On June 8, 2023, Judge William H. Orrick of the U.S. District Court for the Northern District of California granted a default judgment in favor of the CFTC against Ooki DAO, a cryptocurrency decentralized autonomous exchange. The court also permanently enjoined Ooki DAO from operating its website and awarded the CTFC $643,542 in monetary damages. The court found that Ooki DAO’s lack of participation in the litigation and refusal to appear in court contributed to the default judgment. This decision brings to a close the closely-watched case that establishes new precedents for the legal liability of decentralized autonomous exchanges.
bZeroX, LLC operated a blockchain-based software called the “bZx Protocol” (Protocol) from 2019-2021. The Protocol operated on the Ethereum blockchain through the use of smart contracts that allowed anyone with an Ethereum wallet to make investments and bet on the rise and fall of certain virtual currencies. bZeroX, LLC charged fees for access to its technology.
In August 2021, bZeroX, LLC transferred control of the software protocol to “the bZx DAO” which was later named “Ooki DAO.” Ooki DAO continued to operate as bZeroX, LLC did, but the CTC alleged it failed to register with the CFTC as required by the Commodity Exchange Act (CEA) for most exchanges that allow commodity derivative transactions. Additionally, Ooki DAO failed to implement a Consumer Information Program (CIP), and failed to conduct Know Your Consumer (KYC) or anti-money laundering procedures. Consequently, the CFTC filed suit against Ooki DAO.
Causes of Action
The CFTC alleged that Ooki DAO violated the CEA in three ways:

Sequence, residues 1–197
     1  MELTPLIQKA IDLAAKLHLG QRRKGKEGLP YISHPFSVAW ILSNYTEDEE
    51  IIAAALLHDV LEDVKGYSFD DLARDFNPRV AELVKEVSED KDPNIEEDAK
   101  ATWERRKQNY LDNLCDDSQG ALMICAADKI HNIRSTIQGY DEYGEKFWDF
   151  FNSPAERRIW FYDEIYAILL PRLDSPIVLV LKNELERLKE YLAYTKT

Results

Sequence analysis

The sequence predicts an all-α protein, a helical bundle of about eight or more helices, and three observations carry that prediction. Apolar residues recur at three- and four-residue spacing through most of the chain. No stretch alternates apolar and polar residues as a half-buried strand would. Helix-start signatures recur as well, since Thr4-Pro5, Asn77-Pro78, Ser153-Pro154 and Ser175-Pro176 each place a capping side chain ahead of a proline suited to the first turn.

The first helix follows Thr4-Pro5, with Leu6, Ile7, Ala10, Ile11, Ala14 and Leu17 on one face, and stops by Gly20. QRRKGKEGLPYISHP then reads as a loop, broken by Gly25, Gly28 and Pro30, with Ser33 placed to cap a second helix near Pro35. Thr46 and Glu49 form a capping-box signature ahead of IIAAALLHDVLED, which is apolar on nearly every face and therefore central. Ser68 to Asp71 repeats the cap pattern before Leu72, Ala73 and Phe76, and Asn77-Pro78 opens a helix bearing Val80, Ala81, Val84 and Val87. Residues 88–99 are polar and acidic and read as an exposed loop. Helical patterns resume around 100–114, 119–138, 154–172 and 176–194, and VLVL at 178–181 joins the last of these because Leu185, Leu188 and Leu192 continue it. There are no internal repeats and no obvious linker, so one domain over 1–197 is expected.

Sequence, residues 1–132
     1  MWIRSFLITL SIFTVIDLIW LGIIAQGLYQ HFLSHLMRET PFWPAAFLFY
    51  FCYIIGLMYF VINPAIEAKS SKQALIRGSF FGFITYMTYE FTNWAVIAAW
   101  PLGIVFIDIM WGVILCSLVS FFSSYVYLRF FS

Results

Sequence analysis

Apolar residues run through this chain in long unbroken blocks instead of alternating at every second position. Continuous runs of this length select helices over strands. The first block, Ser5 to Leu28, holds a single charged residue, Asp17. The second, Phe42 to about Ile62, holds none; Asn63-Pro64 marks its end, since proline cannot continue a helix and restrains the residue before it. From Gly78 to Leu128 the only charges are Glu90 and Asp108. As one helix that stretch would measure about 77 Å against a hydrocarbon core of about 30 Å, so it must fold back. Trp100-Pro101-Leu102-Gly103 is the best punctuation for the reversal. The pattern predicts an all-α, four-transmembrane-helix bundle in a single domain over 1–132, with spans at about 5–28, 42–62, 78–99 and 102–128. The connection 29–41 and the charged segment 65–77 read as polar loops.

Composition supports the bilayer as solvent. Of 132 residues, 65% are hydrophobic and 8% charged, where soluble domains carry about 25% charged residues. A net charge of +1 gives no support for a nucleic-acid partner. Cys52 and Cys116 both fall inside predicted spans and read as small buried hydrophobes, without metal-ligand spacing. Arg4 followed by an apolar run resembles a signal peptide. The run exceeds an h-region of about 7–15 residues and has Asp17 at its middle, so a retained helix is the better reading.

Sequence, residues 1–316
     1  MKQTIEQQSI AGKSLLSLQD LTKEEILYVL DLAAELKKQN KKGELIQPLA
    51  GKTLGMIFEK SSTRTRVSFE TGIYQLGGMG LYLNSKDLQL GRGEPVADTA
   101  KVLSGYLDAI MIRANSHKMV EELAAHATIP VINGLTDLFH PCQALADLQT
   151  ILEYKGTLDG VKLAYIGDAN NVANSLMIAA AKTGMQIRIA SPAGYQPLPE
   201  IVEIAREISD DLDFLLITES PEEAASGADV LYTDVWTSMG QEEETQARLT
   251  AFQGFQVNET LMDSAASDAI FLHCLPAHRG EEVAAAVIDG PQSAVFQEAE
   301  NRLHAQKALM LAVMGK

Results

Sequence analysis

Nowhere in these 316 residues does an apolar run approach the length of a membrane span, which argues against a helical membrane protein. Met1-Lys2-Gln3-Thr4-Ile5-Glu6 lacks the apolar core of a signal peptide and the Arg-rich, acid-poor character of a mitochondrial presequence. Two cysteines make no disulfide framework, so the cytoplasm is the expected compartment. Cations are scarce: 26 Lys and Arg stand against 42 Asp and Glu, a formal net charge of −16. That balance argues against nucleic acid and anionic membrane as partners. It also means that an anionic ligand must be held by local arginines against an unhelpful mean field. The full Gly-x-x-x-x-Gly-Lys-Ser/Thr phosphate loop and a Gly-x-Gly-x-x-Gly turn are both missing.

(1) Engaging in unlawful off-exchange leveraged and margined retail commodity transactions in violation of 7 U.S.C. § 6(a);
The court found the CFTC sufficiently established this cause of action by showing that the transactions taking place on the Protocol were retail commodity transactions as defined by 7 U.S.C. § 2(c)(2)(D), and that these transactions were entered into on a leveraged or margined basis, and likely to show they were financed in part by the offeror Ooki DAO—subjecting such transactions to the CEA. The court noted:
“The relevant transactions were the ones conducted via the Ooki Protocol, which functionally served as a trading platform where anyone “with an Ethereum wallet” could bet on the rise or fall of certain virtual currencies by contributing collateral currency via smart contracts to open leveraged positions, borrowing virtual currency from the Protocol’s liquidity pool, and exchanging with other currencies. The Protocol user then earned profits or lost their collateral currency based on the actual rise or fall of the other currencies. Users could also open and profit from short positions. Ooki DAO, through its Token Holders, controlled the existence and operation of the Ooki Protocol by voting their tokens to take actions such as updating code, pausing and suspending trading, and directing deposits of funds to users.”
(2) Engaging in activities that can only lawfully be performed by a registered futures commission merchant, in violation of 7 U.S.C. § 6d;
The court found that Ooki DAO sufficiently pled that the transactions at issue were retail commodity transactions, and demonstrated that Ooki DAO solicited these transactions via advertising on its public website and social media. Additionally, Ooki DAO did not register as a futures commission merchant, and it is unlawful for anyone to be a futures commission merchant unless registered with the CFTC under 7 U.S.C. § 6d(a)(1). Therefore, the merits of this claim favored default judgment.
(3) Failing to implement CIP, KYC and anti-money laundering procedures in violation of 17 C.F.R. § 42.2.